Why Relationships And Seeing A Therapist Go Hand In Hand

Carrie Therapy

We know… your friends love you. They truly do. And your family members will drop whatever they’re doing at the first sound of a crack in your voice when you call them after a break up like “Can you talk?” .

And even, at some points, they just might have some profound thing to say that talks you right off the ledge and makes you question why they haven’t pursued that masters degree in counseling.

But let’s face it, licensed psychologists your friends are not. They haven’t even Google’d themselves into the self-proclaimed, not quite expert status of “help my homegirl out with her relationship problems-ology”.

They’re probably just as f**ked up confused as you are with this dating crap. And while talking to a trusted friend or family member before, during, or after a numbing breakup is the least expensive choice, it can cost you a lot in regards to your mental health if their advice is all that you have to fall back on.

And we’re not talking just about breakups here. Who hasn’t needed a listening ear and some keen advice when you’ve just started dating a new person…

…. before you decide to make things “official”

… when something happens during your relationship that shakes its foundation to the core (ie. cheating)

… when you just need help on being whole before dating again (Because your ex really did a number on you mentally)

We’ve all been there and we’ve all found ourselves wanting to talk to someone to help us sort through our emotions and our confusion.

Now as some of you may know, or may not know but here goes, I’m not officially “The Single One In The Group” anymore. I know right. Yes me. I’ve been in a blossoming relationship for what will be a year next month. And this year has challenged me mentally and emotionally in so many ways!

The funny thing is that the man that I call my boyfriend has been the best boyfriend and friend that I have ever had. In many ways he’s like the final piece to my life’s very unique puzzle. BUT… I have never felt like I needed to seek the services of a licensed therapist more than I have while being with him. Interesting right?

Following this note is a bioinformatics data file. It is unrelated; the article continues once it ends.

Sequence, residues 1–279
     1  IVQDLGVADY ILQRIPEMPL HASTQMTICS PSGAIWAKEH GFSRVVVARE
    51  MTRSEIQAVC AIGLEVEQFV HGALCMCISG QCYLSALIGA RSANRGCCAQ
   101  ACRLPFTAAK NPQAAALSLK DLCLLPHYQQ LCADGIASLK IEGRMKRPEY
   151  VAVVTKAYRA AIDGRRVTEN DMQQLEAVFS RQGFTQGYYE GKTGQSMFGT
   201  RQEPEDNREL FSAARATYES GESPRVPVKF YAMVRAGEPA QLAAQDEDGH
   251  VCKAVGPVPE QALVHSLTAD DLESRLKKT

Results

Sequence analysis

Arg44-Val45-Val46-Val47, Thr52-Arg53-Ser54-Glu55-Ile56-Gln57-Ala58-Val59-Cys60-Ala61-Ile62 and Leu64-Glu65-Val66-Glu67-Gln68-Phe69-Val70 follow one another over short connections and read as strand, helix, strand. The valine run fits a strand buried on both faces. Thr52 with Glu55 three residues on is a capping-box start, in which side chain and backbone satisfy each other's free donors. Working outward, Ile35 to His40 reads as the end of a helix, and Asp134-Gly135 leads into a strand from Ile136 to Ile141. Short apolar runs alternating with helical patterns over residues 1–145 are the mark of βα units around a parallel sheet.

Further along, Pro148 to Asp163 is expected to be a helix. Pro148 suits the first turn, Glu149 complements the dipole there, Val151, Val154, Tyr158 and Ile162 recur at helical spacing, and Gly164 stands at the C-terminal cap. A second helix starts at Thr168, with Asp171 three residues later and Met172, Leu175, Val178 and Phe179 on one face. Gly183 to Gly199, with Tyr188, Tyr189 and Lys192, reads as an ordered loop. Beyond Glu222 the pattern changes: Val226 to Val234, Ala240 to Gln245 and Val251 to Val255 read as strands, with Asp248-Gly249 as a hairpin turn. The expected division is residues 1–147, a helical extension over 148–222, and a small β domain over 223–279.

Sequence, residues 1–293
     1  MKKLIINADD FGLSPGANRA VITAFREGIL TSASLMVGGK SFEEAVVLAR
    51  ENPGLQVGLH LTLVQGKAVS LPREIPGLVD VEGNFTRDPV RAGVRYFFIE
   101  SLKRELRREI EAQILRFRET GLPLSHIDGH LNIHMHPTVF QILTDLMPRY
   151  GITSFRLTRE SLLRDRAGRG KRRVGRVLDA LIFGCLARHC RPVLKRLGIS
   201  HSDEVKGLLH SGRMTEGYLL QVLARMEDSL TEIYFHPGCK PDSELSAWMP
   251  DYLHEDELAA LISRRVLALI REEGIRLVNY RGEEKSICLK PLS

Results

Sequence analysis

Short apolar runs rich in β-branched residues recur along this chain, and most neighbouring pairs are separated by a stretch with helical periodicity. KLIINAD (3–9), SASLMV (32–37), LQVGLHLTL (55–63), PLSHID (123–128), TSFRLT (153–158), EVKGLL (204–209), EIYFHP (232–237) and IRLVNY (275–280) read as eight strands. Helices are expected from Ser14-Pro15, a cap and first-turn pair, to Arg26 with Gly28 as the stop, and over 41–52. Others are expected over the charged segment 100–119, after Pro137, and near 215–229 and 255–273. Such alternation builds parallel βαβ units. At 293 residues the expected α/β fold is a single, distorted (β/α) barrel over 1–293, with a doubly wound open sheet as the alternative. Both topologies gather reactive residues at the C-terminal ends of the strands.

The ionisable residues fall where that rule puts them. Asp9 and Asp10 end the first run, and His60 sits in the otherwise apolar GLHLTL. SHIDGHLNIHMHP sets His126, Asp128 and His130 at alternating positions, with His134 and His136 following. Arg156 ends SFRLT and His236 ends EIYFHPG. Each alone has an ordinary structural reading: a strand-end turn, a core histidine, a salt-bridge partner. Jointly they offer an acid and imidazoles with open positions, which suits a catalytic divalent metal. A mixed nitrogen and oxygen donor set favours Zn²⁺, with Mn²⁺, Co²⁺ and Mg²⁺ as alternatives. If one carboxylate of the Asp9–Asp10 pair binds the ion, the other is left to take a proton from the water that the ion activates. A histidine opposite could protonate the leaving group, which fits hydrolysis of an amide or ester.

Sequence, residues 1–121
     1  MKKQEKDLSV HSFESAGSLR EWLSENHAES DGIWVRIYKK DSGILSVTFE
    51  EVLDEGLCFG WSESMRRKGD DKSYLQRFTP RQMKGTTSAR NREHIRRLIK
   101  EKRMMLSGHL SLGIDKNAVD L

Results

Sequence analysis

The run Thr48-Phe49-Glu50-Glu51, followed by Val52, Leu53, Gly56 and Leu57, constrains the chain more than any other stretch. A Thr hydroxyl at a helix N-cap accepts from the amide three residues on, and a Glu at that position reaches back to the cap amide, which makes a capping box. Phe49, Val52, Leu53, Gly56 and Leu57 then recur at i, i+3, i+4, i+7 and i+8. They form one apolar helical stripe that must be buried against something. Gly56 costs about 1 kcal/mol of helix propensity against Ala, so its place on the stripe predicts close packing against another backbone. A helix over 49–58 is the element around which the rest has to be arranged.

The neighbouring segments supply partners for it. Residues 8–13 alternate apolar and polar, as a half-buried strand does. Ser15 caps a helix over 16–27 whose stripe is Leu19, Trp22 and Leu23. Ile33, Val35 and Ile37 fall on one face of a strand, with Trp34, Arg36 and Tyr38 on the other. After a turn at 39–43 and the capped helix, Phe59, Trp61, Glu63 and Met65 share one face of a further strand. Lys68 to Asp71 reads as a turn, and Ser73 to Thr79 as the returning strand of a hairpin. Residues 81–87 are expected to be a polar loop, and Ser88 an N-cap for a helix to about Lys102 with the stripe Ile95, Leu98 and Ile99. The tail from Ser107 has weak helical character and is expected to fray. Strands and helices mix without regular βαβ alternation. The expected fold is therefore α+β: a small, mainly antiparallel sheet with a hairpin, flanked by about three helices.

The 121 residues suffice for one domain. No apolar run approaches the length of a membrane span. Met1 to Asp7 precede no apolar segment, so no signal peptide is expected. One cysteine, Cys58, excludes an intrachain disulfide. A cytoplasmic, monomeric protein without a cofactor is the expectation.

You see, before him and several months before doing a lot of internal work on myself to balance and claim back my happiness, I was in love with a very toxic person. In fact, I have reason to believe that I was in love with a narcissist. And if any of you self-proclaimed, not quite experts on narcissistic behaviors know a little something then you know that I WENT THROUGH HELL with that man.

I won’t go into it (just read a few of my old post where I reference him as “Libra”) but just know that it took a lot to pull myself out of the damaging cycle of loving someone who only loved themselves.

I did A LOT of self work to get back to feeling normal again but what I failed to do, and sometimes regret, was seek the help of a therapist/relationship therapist to help me through the emotional trauma.

I’m a pretty strong woman, as I’m sure many of you are as well, but I have started to realize that I still harbor a lot of fear and anxiety when it comes to love, closeness, and vulnerabilities.

Trusting someone completely scares me. Sharing those fears in a productive way scares me and these are things that I didn’t know were challenges for me UNTIL I tried to love again.

I know that I’m not alone here, and I’m sure that there are many of you out there who owe yourself a lot of credit because you overcame the unthinkable with an ex boo, bae, fiance’, or husband/wife. You survived heartbreak, or infidelity, or just plain ol’ emotional turmoil from someone that you loved.

The sh*t hurts. Badly. But you survived.

Or did you?

I have reason to believe that there are many of us walking around here smiling and taking selfies and ish with ya Starbucks cup in ya hand, and ya banging a** career, and fly a** car, and fine a** man who gives you forehead kisses and tags you to his posts on social media.